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Francis Xavier Reaches Japan

An early Jesuit, he took the gospel to the far east.

On this day, 15 August 1549, Francis Xavier landed as a missionary in Kagoshima, Japan. With him were Father Cosme de Torres, Brother Juan Fernández, and an ardent Japanese convert, Han-Sir, who had taken a new name at baptism—Paul of Santa Fe. Xavier wrote, “We were received in the most friendly way by all the people of the city, especially the relations of Paul, the Japanese convert, all of whom had the blessing to receive the light of truth from heaven, and by Paul’s persuasion became Christians.” 

Xavier and his European companions studied the Japanese language for a year and made translations. Meanwhile, Paul evangelized his own people. When sufficiently fluent in Japanese, Xavier preached across Japan, establishing Christian communities. Leaving the mission in charge of his fellow workers, he returned to his base at Goa, India in 1551. 

Xavier was in the east in the first place at the request of Portugal’s King John III. Thanks to its daring seafarers, Portugal boasted vast overseas territories, and King John had asked Pope Paul III for missionaries. The pope commanded the Society of Jesus (Jesuits) to assist him and Xavier was designated. 

CH 113 Read more about the Jesuits and Xavier in Christian History issue 122

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Born into a noble family, Xavier showed youthful brilliance. He was a professor at the College of Beauvais when he met Ignatius Loyola, who had recently abandoned the pleasures of a grandee (Spanish noble) to apply himself to wholehearted service for Christ and the Church. Xavier resisted his influence at first, but before long abandoned teaching and bound himself to evangelism, poverty, chastity and obedience. Loyola, Xavier and a handful of friends founded the Jesuits.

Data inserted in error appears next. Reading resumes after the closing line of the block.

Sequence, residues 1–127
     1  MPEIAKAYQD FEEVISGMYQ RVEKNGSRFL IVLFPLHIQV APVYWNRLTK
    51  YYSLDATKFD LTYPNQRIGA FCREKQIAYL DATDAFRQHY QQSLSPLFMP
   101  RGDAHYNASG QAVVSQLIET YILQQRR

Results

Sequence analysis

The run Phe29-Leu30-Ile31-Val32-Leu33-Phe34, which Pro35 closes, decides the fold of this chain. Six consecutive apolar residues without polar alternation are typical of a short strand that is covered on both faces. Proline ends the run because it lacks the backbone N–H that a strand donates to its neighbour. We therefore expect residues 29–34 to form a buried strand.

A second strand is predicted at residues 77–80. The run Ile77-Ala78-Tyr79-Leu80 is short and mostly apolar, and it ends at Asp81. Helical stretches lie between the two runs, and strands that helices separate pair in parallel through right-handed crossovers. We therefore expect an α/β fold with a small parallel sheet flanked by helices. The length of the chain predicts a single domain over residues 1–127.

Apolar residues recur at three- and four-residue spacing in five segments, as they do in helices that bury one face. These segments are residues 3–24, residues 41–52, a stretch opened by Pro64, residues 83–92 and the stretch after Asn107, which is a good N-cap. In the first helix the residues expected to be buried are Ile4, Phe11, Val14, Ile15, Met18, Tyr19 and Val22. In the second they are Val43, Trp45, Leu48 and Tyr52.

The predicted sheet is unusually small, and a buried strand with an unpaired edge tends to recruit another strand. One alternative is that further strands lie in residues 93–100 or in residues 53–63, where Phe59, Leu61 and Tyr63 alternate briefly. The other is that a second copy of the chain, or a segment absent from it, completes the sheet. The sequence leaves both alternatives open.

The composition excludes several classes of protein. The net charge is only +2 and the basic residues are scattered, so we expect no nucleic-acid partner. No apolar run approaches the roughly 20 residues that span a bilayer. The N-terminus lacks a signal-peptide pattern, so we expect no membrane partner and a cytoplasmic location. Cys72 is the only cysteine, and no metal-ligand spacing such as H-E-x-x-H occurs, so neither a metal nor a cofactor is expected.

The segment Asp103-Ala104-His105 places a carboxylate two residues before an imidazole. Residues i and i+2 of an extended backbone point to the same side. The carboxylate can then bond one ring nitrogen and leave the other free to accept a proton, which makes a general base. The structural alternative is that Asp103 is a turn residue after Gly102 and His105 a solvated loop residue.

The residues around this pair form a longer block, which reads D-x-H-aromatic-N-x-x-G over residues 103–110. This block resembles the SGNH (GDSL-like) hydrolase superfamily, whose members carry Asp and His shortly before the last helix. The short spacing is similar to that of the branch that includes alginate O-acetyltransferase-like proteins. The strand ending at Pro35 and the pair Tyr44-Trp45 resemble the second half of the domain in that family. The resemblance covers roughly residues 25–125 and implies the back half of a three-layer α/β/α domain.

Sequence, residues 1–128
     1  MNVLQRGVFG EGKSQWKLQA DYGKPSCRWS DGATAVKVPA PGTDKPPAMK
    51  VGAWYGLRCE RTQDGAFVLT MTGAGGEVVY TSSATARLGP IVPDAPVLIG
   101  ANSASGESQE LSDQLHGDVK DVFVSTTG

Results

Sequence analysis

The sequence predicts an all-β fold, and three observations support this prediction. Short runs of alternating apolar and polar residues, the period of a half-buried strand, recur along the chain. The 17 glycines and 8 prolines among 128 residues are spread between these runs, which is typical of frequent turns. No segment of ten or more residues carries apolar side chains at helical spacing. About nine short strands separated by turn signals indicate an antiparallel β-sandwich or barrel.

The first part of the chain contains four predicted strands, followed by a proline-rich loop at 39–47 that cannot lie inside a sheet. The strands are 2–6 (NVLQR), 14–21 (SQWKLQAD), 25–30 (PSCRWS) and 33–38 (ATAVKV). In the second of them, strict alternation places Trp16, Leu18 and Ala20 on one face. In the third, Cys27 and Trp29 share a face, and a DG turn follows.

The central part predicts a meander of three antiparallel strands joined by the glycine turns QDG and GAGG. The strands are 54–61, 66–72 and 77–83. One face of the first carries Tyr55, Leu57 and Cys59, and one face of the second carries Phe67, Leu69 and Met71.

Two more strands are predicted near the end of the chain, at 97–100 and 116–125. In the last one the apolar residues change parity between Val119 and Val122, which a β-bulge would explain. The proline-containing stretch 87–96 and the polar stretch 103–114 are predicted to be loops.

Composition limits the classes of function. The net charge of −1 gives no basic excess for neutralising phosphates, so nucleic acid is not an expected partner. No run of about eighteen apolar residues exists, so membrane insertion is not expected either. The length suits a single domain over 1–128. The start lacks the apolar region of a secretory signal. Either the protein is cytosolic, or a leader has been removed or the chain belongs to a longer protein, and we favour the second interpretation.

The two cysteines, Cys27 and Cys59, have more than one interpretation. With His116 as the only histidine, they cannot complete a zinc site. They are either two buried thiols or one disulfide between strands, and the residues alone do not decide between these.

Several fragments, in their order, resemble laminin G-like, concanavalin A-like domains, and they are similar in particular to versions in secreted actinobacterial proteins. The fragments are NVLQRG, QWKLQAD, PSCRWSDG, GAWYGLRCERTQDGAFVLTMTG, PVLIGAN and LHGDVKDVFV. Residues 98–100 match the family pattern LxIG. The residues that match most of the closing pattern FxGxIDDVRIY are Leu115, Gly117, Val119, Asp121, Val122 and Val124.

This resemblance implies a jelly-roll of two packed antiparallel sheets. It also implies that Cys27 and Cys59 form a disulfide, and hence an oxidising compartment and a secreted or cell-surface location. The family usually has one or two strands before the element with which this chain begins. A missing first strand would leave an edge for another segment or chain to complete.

Upon receiving his assignment to assist the Portuguese, Xavier immediately left Rome for Lisbon. There he met King John, who requested he visit all of his Asian colonies, check on their religious condition, and convert as many lost souls as possible. 

Xavier reorganized the religious community at Goa, then traveled throughout Asia, preaching the gospel. In eleven years, he traveled nine thousand miles under primitive conditions, sharing the gospel with more than fifty kingdoms. It is estimated he baptized over a million converts. The church he planted in Japan survived three centuries of persecution without Bibles or priests—through parents transmitting the faith to their children. In the nineteenth century, when Japan reopened to the west, there were still thousands of Christians on the islands, some the fruit of his mission, some the fruit of Franciscan missions. 

Xavier died in 1552, attempting to reintroduce the gospel to China. Historians have nicknamed him “The Apostle of the Indies.”

Dan Graves

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